"In the cargo world, it's negative to come back and say you couldn't do it. When you say you cannot accomplish something and you're a passenger pilot, everybody has this emotion of safety -- and 'It's OK. We didn't want you to take that chance with the lives on board.' "

- Rebecca Loranger, pilot


After the crash, Ameristar gave the folder back -- with the maintenance logs gone, she said. "After Royce's plane went down, there was someone immediately from Ameristar there. And someone from the FAA. There was no one to represent Royce."

Their insurance coverage was $20,000. With double indemnity, it paid $40,000.

The couple had young twin sons, and Stephanie Read was pregnant with their third child when her husband died. Today his children's photo album says: This is my Daddy. He died in a plane crash and he can't live with us anymore.

Two years later, another company plane went down after overrunning a Del Rio International Airport runway, killing the captain, 29, and burning the first officer, 38, in an accident attributed to pilot failures.

Teak Biondo, listed in NTSB reports as Ameristar's director of operations, declined to discuss the two crashes or the industry's safety record. "No comments on any of it," he said. Cargo pilots fly more hours than their peers navigating passenger planes. They often do so against the clock, while much of the nation sleeps.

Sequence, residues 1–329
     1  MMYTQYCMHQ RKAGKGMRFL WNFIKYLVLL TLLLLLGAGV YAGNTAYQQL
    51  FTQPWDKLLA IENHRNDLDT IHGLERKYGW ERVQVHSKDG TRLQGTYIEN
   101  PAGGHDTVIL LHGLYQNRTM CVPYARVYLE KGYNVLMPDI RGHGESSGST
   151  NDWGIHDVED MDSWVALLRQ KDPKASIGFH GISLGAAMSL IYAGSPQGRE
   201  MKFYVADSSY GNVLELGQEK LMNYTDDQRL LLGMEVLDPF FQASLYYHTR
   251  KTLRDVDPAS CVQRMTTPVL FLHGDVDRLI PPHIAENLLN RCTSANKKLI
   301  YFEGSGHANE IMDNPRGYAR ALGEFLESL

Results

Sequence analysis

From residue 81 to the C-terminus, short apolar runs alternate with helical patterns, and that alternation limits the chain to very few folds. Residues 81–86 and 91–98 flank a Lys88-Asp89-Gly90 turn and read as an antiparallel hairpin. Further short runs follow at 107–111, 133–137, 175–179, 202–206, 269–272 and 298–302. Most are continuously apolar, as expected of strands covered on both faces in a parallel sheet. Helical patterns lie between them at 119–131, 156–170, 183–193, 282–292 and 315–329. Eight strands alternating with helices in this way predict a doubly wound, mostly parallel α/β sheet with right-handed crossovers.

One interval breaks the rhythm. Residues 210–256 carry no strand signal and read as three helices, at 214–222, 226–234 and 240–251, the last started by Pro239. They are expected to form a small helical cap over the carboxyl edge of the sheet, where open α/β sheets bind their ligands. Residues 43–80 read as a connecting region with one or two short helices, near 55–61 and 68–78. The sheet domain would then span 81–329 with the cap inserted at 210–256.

"From livestock to mail. I've flown bank checks to live chickens," said Rebecca Loranger, who regularly flew over rough Alaskan terrain and once safely landed a cargo plane that lost an engine over Pennsylvania. "Cargo pilots on the whole are typically more skilled. They do fly in worse weather."

The culture is different.

"In the cargo world, it's negative to come back and say you couldn't do it. When you say you cannot accomplish something and you're a passenger pilot, everybody has this emotion of safety -- and 'It's OK. We didn't want you to take that chance with the lives on board,' " Loranger said.

In dense Alabama fog at 1:43 a.m. Dec. 1, 2001, a Cessna 208B flying as Fast Check 600 went down, killing pilot Michael J. O'Neill and copilot Dimitri Tohovitis.

The Air Carriers pilots flew on a night so rough that one witness said the fog was the thickest he had ever seen at the airport.

"The money he was making down there was peanuts, really," but he did it "to put [in] some flight time to find another job," said the copilot's father, Athanasios Tohovitis. "I lost my son. My wife and my kids, they are still crying every day."

'WE CAN DO IT'

Another victim was Mark Blevins, 40.

A client had called his cargo company, Priority Air Charter, to see if it could deliver goods to Detroit on a March 2002 evening so dangerous with icing that at least one other company's plane was forced to make an emergency landing.

The client wanted to know: Could Blevins still fly? "The Priority Air Charter dispatcher responded, 'Yes, I spoke with my boss and we can do it,' " records show.

| Reporting by Ronnie Greene | Photography by Candace Barbot | Audio Editing by Rhonda Victor Sibilia | Online Production by Stephanie Rosenblatt | (c) Miami Herald July 9, 2006 |